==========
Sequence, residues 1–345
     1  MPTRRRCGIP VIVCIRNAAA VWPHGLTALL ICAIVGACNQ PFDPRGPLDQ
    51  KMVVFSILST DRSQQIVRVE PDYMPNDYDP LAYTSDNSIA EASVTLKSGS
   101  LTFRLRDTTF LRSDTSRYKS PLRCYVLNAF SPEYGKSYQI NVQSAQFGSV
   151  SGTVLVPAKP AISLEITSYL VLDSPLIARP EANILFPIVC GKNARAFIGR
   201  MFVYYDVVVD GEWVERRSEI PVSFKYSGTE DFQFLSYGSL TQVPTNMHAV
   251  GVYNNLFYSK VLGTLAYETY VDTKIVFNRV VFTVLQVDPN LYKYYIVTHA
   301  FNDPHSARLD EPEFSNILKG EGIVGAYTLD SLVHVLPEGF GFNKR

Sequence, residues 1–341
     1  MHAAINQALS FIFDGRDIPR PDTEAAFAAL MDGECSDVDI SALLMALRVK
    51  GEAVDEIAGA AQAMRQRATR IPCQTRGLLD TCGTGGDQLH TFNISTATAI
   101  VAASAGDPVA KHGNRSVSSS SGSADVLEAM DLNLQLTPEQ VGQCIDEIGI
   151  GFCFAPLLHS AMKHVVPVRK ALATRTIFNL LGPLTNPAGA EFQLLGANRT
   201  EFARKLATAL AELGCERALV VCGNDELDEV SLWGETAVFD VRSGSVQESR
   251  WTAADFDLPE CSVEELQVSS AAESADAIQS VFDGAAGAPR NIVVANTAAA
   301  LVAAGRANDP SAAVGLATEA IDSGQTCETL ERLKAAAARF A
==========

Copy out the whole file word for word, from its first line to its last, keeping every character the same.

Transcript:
Sequence, residues 1–345
     1  MPTRRRCGIP VIVCIRNAAA VWPHGLTALL ICAIVGACNQ PFDPRGPLDQ
    51  KMVVFSILST DRSQQIVRVE PDYMPNDYDP LAYTSDNSIA EASVTLKSGS
   101  LTFRLRDTTF LRSDTSRYKS PLRCYVLNAF SPEYGKSYQI NVQSAQFGSV
   151  SGTVLVPAKP AISLEITSYL VLDSPLIARP EANILFPIVC GKNARAFIGR
   201  MFVYYDVVVD GEWVERRSEI PVSFKYSGTE DFQFLSYGSL TQVPTNMHAV
   251  GVYNNLFYSK VLGTLAYETY VDTKIVFNRV VFTVLQVDPN LYKYYIVTHA
   301  FNDPHSARLD EPEFSNILKG EGIVGAYTLD SLVHVLPEGF GFNKR

Sequence, residues 1–341
     1  MHAAINQALS FIFDGRDIPR PDTEAAFAAL MDGECSDVDI SALLMALRVK
    51  GEAVDEIAGA AQAMRQRATR IPCQTRGLLD TCGTGGDQLH TFNISTATAI
   101  VAASAGDPVA KHGNRSVSSS SGSADVLEAM DLNLQLTPEQ VGQCIDEIGI
   151  GFCFAPLLHS AMKHVVPVRK ALATRTIFNL LGPLTNPAGA EFQLLGANRT
   201  EFARKLATAL AELGCERALV VCGNDELDEV SLWGETAVFD VRSGSVQESR
   251  WTAADFDLPE CSVEELQVSS AAESADAIQS VFDGAAGAPR NIVVANTAAA
   301  LVAAGRANDP SAAVGLATEA IDSGQTCETL ERLKAAAARF A